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As provided for at the website of the Norwegian Research Council (NRC) that funds the project, the project’s popular science description is as follows:

“The project analyzes how Ukraine and the European Union (EU) put into effect the Association Agreement, concluded in 2014. A deeper understanding of this process and its outcomes will help to further both the objectives of the Agreement and international cooperation more generally. In 2014, the EU and Ukraine signed an Association Agreement that aims to bring Ukraine closer to the EU. This international treaty is the basis of political and economic cooperation between the two partners. It contains a number of EU rules that Ukraine promised to introduce and enforce “at home”. Taking over these rules, however, is often expensive and requires far-reaching reforms in Ukraine. The punctual and complete adoption and application of the rules is thus a major challenge for the country. This interdisciplinary project combines political science and law perspectives to analyze how Ukraine and the EU deal with this situation. In particular, it looks at whether and how the two partners re-adjust the content of the original agreement and with which results. In a first step, the project will provide an in-depth, objective legal assessment of how well Ukrainian laws meet the requirements of the Association Agreement. It will also study how the EU reacts to cases where Ukraine did not adopt the necessary laws as promised. In a second step, the project will look at whether Ukraine applies the new rules properly in practice and what the EU does if this is not the case. The project will be carried out with partners from the Ukrainian Catholic University, based in L’viv, and other Ukrainian cooperators. It will thus strengthen both the research capacity in Ukraine and the expertise on Ukraine in Norway. The findings will enhance our understanding of what happens with international treaties after they have been concluded. This will help to ensure that promises will not only be made by states but will be kept, which often entails better living conditions for a state’s population”.

Source: Colourbox

In more academic terms, the following description can be used:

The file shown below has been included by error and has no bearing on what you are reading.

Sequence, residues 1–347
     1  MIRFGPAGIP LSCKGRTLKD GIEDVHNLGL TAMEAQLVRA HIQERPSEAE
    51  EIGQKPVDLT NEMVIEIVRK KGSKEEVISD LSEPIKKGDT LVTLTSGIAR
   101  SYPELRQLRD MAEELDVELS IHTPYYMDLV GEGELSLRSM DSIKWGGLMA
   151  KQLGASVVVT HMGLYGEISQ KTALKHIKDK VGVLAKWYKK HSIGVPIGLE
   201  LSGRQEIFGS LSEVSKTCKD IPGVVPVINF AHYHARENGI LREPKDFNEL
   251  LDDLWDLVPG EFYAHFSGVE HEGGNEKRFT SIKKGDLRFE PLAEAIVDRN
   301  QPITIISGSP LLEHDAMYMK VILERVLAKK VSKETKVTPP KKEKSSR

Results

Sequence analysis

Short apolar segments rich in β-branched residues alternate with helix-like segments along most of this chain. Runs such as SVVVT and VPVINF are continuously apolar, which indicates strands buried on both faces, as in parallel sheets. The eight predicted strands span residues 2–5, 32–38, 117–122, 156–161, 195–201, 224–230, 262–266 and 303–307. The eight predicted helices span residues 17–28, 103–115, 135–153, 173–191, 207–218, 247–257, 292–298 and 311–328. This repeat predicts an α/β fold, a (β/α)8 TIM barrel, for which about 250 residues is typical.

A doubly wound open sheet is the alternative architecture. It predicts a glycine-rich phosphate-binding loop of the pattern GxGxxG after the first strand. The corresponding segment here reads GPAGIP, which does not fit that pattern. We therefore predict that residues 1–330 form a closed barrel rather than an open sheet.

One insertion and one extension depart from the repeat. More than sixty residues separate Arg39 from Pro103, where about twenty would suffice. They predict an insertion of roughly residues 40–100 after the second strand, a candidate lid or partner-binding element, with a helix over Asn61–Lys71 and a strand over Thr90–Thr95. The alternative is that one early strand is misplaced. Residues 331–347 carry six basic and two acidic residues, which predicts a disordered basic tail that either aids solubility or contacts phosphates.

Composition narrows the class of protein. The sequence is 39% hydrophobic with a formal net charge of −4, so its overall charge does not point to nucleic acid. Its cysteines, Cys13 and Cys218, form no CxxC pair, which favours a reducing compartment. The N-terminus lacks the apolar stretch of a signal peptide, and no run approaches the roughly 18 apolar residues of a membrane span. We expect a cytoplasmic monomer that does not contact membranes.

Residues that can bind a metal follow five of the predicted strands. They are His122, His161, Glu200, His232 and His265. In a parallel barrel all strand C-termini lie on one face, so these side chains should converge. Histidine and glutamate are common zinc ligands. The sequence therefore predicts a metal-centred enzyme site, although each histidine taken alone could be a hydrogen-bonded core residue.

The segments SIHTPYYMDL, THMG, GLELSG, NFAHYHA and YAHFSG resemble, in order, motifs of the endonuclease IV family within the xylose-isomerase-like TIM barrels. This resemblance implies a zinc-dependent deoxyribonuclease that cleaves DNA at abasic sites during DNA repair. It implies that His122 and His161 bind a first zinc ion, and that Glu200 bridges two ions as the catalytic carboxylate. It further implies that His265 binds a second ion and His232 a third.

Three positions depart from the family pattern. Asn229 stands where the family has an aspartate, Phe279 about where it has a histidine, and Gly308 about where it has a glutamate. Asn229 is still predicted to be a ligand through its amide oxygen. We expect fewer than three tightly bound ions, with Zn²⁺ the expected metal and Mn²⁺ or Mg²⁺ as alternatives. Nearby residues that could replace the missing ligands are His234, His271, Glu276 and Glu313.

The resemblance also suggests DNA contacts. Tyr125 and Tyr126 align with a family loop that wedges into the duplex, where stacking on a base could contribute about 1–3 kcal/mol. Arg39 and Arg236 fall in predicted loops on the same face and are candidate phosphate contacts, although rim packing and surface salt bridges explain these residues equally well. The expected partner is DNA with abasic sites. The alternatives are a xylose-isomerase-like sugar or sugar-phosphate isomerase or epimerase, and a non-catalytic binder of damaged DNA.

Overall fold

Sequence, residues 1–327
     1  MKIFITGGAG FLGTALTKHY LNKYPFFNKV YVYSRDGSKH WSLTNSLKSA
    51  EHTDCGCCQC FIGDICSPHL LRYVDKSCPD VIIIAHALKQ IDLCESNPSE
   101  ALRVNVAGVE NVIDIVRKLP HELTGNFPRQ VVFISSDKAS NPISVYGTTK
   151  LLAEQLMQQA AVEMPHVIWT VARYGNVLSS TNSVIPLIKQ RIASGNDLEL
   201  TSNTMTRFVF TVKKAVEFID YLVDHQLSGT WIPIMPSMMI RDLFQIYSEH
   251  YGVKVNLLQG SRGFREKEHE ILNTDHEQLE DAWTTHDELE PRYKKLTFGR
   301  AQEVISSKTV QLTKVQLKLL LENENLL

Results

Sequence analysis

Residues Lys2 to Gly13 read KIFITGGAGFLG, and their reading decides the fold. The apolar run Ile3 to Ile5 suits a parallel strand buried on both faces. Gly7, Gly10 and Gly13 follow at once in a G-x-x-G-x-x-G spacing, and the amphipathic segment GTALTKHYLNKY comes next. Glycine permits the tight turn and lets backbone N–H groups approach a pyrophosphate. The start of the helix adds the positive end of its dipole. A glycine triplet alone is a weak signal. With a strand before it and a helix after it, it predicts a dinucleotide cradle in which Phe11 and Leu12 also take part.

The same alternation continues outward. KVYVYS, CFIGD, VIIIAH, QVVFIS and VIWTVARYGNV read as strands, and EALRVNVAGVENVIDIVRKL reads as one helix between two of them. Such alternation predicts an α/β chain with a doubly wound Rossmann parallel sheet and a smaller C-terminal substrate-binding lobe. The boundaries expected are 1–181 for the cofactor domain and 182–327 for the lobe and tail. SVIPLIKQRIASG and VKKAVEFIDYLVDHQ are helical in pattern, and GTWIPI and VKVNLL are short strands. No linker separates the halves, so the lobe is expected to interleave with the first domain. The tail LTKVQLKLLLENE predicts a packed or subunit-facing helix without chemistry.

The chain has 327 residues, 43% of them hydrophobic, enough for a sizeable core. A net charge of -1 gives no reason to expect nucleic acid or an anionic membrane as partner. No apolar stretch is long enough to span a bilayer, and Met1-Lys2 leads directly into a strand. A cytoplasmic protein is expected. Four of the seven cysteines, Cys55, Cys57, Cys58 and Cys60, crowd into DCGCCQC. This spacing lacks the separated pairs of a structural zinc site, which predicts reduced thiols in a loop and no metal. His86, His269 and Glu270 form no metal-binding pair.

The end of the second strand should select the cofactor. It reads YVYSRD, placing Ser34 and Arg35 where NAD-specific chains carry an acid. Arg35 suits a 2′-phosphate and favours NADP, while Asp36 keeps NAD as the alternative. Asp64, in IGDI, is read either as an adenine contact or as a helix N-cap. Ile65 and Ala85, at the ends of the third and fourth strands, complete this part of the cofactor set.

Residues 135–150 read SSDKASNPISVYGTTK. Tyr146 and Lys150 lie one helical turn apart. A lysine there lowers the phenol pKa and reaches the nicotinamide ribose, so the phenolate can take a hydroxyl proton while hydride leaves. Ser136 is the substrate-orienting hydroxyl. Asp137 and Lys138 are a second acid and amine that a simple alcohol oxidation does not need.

“When states enter into international treaties, they often take on obligations. Some states, however, face massive challenges to meet their contractual duties. While this could result in plain non-compliance, the concerned states may also enter into compliance negotiations with the other parties of the treaty or the international institution supervising treaty implementation in order to lower their compliance obligations and achieve ‘negotiated compliance’. This interdisciplinary project combines political science and law perspectives to study these hitherto largely ignored post-agreement negotiations. Focusing on the European Union – Ukraine 2014 Association Agreement (AA), the project aims to map and explain the occurrence and unfolding of compliance negotiations between the parties to the treaty and their results. By concluding the AA, Ukraine took on comprehensive and binding responsibilities for domestic reform. At the same time, the country struggles to live up to its promises and first informal adjustments of the Agreement are taking place. In Work Package 1, the project provides an in-depth, objective legal assessment of Ukrainian laws’ correspondence with treaty obligations and analyses the EU’s reactions to cases of non-conformity with regard to rule adoption. Accounting for potential “dead letters”, Work Package 2 draws attention to compliance with a view to rule application. The project examines various hypotheses regarding both the occurrence and results of compliance negotiations in six case studies on public procurement, trade in services, competition, energy, transport and judicial reform. The project results will have both an academic and societal impact. They will advance theoretical and empirical knowledge on compliance negotiations. At the same time, they will help to improve treaty compliance, which often entails better living conditions for a state’s population”.